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Legislators protest tight encryption policy

A bipartisan group of federal legislators calls for the Clinton administration to loosen restrictions on the export of encryption technologies.

A bipartisan group of federal legislators is calling for the Clinton administration to loosen restrictions on the export of encryption technologies.

Earlier this week, 20 Senate and House members sent a letter to Commerce Secretary Mickey Kantor to "express our serious concern about the administration's most recent announcement on export restrictions on encryption technology."

The 4 Democrats and 16 Republicans said the policy, announced October 1, is too restrictive. The legislators worry that the policy will do more harm than good to American companies.

Sen. Ron Wyden (D-Oregon), who organized the anti-encryption campaign, "fundamentally believes that efforts to limit trade in encryption technologies is harmful to American businesses, harmful to American workers, harmful to the trade balance, and do not in fact do anything to improve national security," spokesman Jeffrey Nelson said.

The administration's encryption plan allows for the export of slightly more powerful encryption than what had previously been legal, with one major proviso: that the numerical keys that unlock the encryption code are kept by a third, nongovernmental party. Law enforcement officials would only be allowed access to the keys with a court order.

The legislators' letter criticizes the policy on several points: "It fails to recognize that top-down, government-imposed policies are doomed to defeat," the letter states. "Export policies must be directly linked, or indexed to advances in technology [and] export controls must be fully multilateral in order to be effective."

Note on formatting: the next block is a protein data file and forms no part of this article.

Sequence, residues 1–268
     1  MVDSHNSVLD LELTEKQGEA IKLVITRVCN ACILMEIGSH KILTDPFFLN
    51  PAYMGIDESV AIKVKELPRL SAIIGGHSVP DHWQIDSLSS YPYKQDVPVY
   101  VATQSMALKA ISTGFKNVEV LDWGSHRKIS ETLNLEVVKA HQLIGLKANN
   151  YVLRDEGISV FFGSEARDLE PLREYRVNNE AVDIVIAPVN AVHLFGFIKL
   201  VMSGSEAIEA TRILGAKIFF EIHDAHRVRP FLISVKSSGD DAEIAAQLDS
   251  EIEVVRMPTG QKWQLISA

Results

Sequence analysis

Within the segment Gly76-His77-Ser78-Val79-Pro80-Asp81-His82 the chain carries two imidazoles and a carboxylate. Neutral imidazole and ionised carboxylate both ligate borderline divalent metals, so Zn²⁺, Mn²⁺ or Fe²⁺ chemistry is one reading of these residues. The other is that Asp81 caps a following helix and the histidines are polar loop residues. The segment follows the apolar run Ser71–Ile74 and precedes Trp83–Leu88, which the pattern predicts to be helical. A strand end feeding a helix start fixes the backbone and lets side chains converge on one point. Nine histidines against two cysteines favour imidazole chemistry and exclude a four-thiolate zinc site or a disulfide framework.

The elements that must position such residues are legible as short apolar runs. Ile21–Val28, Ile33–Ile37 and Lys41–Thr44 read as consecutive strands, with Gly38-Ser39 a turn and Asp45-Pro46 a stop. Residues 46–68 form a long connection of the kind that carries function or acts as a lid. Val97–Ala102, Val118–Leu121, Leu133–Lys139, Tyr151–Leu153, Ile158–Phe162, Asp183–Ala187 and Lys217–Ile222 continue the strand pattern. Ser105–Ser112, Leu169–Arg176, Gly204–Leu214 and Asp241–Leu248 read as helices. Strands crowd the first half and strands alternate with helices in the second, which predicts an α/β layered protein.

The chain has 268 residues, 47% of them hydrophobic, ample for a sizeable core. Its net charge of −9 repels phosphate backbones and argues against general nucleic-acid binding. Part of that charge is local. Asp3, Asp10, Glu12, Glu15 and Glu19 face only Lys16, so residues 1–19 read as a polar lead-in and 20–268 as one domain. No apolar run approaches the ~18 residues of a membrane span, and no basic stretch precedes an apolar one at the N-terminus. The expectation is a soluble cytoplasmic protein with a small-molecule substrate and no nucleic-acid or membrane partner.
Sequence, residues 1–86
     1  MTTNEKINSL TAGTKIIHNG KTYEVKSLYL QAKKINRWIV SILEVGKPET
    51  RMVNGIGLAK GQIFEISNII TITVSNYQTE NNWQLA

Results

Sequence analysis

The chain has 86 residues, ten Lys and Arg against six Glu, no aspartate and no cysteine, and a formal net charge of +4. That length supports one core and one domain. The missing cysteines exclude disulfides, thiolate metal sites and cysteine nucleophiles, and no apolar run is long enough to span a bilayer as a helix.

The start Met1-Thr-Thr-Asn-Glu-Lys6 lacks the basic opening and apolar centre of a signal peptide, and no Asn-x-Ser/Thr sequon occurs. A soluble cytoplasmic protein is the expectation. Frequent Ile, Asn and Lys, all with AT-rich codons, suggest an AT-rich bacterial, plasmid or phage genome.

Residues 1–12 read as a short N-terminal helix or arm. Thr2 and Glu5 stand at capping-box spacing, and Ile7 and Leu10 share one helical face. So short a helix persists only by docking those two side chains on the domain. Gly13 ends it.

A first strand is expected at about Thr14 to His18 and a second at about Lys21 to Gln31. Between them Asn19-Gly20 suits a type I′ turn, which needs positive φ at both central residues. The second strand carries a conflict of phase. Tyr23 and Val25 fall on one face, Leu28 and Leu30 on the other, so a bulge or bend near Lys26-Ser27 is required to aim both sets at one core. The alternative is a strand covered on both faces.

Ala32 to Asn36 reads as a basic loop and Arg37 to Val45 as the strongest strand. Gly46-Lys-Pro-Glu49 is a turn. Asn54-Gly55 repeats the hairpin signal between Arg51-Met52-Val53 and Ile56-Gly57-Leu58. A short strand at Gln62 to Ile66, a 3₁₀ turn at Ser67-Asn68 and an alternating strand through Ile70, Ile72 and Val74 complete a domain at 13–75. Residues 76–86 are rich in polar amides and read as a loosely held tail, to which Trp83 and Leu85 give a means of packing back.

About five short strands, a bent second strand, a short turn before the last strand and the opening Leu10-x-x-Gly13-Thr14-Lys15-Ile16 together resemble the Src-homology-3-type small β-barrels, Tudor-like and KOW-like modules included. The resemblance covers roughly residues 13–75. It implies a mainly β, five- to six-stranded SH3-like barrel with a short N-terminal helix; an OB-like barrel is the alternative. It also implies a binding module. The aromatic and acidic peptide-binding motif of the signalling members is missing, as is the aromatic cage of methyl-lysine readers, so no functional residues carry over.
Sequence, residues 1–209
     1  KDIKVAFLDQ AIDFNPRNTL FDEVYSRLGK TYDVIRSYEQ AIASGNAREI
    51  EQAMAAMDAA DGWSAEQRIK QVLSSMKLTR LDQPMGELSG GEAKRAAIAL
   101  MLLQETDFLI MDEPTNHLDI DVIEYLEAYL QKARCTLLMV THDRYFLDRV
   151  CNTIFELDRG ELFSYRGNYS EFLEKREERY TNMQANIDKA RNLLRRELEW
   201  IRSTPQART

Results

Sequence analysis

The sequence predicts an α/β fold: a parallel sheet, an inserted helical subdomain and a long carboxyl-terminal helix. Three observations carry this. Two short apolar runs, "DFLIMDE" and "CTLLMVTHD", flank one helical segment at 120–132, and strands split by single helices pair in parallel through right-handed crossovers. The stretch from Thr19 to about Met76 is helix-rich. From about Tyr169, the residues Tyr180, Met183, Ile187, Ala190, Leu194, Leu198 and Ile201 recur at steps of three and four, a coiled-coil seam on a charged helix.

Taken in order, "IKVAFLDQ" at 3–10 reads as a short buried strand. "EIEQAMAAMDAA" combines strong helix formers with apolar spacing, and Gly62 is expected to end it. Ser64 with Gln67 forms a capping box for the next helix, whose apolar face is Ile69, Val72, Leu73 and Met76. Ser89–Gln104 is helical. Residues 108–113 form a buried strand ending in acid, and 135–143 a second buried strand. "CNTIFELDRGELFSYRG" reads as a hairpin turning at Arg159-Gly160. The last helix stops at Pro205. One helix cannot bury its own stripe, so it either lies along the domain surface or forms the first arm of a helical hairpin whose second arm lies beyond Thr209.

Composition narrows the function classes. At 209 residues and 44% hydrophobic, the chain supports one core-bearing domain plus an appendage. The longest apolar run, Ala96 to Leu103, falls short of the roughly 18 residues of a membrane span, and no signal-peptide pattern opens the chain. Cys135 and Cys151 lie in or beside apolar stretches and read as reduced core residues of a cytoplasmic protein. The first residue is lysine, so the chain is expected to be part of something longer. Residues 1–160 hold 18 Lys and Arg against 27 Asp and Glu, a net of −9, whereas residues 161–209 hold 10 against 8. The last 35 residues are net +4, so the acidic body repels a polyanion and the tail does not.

The letter further criticizes the policy for "granting the FBI veto authority over U.S. exports."

But the administration defends its plans, saying the criticisms are unfounded.

Heidi Kukis, Vice President Al Gore's spokeswoman said today that the president, not the FBI, is the only one who has veto power over the export of encryption.

She added that the government itself will not hold the key but will have access to it with a court order, much like the government can get access to telephone lines through a court order to "track down criminals and terrorists."

She also argued that the new policy in fact loosens, rather than tightens export restrictions. Previously, the State Department had jurisdiction over encryption and classified it as a "munition," which made it much more difficult to export, Kukis said. Now it is being placed under the jurisdiction of the Commerce Department, where it is categorized as a "duel use technology" for civilian or defense uses, a much less restrictive classification, she said.

Not all are opposed to the policy. In fact, an alliance of 11 software and hardware have banded together to develop the key-recovery solutions for which the Clinton administration's plan called.

"The federal government has never dictated how the key recovery system will be billed," Kukis added. "That is up to the industry. What the federal government has done is to set the broad objectives which are to promote the export of encryption products, but to do so in a way that protects both the public safety and our national security."